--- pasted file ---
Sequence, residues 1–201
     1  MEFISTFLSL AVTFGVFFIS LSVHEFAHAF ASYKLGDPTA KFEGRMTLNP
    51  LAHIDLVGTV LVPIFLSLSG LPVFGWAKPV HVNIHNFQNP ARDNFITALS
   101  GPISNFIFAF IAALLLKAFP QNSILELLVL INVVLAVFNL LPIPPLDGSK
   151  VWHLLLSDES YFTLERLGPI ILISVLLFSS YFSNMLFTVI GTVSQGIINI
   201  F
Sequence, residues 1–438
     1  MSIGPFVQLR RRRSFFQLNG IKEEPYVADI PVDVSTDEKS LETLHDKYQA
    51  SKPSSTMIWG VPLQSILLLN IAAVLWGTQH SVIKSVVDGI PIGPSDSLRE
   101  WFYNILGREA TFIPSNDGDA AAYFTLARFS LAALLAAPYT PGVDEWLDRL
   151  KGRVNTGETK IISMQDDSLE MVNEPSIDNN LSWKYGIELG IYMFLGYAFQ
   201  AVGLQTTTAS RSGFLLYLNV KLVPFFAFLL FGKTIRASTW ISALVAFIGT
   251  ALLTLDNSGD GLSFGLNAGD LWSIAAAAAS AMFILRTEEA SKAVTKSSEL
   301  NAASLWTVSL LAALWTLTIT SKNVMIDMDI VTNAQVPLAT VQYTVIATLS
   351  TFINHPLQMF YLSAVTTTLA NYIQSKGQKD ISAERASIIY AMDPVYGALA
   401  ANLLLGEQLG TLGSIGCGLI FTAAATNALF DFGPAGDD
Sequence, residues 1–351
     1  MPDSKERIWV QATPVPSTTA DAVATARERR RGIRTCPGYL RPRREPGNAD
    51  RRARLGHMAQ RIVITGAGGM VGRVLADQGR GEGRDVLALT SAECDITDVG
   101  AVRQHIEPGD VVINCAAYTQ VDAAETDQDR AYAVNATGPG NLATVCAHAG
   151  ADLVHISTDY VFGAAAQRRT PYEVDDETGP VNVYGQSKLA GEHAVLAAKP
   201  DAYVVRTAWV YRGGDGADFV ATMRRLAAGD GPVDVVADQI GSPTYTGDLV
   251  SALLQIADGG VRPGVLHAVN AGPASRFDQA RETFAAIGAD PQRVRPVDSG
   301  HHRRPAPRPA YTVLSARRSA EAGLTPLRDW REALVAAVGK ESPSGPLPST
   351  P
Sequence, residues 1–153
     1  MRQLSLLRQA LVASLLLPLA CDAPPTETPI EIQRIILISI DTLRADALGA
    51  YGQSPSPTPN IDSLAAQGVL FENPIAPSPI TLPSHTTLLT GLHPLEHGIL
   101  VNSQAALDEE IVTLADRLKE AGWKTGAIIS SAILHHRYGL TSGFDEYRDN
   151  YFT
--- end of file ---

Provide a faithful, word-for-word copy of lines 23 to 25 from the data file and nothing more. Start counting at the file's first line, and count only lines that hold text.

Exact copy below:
   251  SALLQIADGG VRPGVLHAVN AGPASRFDQA RETFAAIGAD PQRVRPVDSG
   301  HHRRPAPRPA YTVLSARRSA EAGLTPLRDW REALVAAVGK ESPSGPLPST
   351  P